Preserving Cultural Value in Resilience
Why practice Values-Based Emergency Management (#VBEM) or Values-Based Risk Management?
Consider this truly remarkable graph illustrating annual child traffic fatalities by day of the year.
We can't tackle the problem of the spike on this graph without seriously considering how those things we value as individuals and as societies dictate what we are willing to do to manage a risk.
By failing to consider values, the obvious solution is to end the behavior that leads to so many traffic deaths on day of the spike - namely, Halloween 'trick-or-treating'.
But how many parents would actually prohibit their kids from celebrating this cultural tradition? Maybe 1-2%? The other 98% will perceive the risk to be no different than any other day, and in fact it is most likely more a matter of increased exposure (more kids on the street) than of increased hazard consequence (i.e., the per-kid risk is the same as any other day).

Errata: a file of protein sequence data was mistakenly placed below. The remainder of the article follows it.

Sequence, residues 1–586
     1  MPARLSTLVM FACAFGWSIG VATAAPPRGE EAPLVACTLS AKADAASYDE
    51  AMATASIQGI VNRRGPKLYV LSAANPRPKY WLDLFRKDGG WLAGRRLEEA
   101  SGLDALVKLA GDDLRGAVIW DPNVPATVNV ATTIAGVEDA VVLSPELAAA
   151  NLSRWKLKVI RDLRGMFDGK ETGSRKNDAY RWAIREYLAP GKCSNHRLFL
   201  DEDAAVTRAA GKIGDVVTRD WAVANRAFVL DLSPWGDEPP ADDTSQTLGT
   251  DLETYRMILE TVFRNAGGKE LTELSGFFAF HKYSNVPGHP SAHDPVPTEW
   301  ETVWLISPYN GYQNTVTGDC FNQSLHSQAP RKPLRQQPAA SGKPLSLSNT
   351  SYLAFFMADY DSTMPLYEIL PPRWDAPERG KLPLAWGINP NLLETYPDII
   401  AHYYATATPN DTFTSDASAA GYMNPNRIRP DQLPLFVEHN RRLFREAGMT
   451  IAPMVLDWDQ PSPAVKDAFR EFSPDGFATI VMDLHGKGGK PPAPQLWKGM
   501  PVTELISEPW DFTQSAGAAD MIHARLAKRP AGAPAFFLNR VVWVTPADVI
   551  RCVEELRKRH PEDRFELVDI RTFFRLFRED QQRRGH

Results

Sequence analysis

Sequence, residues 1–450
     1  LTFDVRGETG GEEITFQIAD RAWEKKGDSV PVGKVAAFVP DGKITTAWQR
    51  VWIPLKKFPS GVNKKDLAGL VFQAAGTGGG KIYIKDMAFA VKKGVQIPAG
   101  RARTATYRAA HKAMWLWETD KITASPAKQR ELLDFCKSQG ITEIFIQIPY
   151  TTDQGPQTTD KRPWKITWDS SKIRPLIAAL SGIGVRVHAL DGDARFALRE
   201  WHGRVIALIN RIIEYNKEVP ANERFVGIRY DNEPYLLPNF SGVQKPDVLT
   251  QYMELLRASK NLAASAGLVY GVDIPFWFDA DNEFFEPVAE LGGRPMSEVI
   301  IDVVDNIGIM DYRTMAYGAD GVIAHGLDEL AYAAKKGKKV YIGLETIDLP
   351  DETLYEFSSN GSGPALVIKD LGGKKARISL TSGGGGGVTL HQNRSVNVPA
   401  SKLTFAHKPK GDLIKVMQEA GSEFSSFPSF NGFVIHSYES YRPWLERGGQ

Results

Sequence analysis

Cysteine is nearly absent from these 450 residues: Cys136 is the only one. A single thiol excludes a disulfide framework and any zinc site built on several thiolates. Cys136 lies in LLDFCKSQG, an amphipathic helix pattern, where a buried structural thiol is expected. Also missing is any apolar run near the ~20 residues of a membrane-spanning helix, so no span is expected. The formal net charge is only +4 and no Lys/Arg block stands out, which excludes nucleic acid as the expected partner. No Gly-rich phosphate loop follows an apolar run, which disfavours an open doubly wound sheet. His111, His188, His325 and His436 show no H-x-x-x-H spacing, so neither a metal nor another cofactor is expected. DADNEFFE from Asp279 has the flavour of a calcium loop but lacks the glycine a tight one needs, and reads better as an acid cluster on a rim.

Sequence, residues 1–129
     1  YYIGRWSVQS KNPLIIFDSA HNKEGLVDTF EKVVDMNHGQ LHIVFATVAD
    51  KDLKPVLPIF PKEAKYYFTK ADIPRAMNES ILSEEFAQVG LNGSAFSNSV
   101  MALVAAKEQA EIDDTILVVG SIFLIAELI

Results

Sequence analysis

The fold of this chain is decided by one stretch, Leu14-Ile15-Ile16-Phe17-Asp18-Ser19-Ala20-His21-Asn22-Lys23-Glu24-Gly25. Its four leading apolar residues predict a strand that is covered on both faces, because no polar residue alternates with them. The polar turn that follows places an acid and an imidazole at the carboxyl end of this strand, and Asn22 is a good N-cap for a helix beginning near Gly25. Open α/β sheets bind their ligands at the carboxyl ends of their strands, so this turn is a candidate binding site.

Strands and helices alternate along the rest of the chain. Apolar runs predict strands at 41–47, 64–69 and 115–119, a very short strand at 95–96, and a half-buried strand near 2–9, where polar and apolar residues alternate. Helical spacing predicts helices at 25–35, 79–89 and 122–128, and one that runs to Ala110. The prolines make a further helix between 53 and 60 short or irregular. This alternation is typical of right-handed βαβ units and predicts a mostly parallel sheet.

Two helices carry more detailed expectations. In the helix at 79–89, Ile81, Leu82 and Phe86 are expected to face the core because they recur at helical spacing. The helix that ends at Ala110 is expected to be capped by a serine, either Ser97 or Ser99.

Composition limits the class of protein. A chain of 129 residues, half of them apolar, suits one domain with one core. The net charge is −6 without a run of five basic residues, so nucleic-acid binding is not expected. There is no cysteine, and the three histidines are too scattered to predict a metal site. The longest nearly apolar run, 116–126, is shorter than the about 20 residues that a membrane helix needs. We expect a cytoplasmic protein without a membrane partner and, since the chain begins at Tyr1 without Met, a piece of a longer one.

Whatever the intervention, it needs to preserve value - in this case the ability to practice a cultural tradition. Options are thus assessed first and foremost on how they impact that highest-value factor, and only secondarily how they affect other things (e.g., ease of transportation, cost, difficulty).
While living in Hawaii, our community effectively managed this risk by completely limiting car traffic in a large neighborhood that has only two major traffic entrances. Police cruisers are posted at each entrance to ensure no cars come in or out, effectively enforcing the policy.
The result is that thousands of people from throughout the town come to this neighborhood to enjoy the safe space it offers. And it actually ADDS value in that it becomes a safe holiday atmosphere like nothing I've seen elsewhere. To address the increased burden of 'candy cost' for homeowners in that neighborhood, the community collects candy donations and provides them to households that need it.
Value is preserved (and increased), risk is managed, and kids (and parents) are happy!
(Graph source: Akhtar, Muizz. 2022. Forget Tainted Candy: The Scariest Thing on Halloween is Parked in Your Driveway. VOX. October 31. http://bit.ly/3SOZlQx).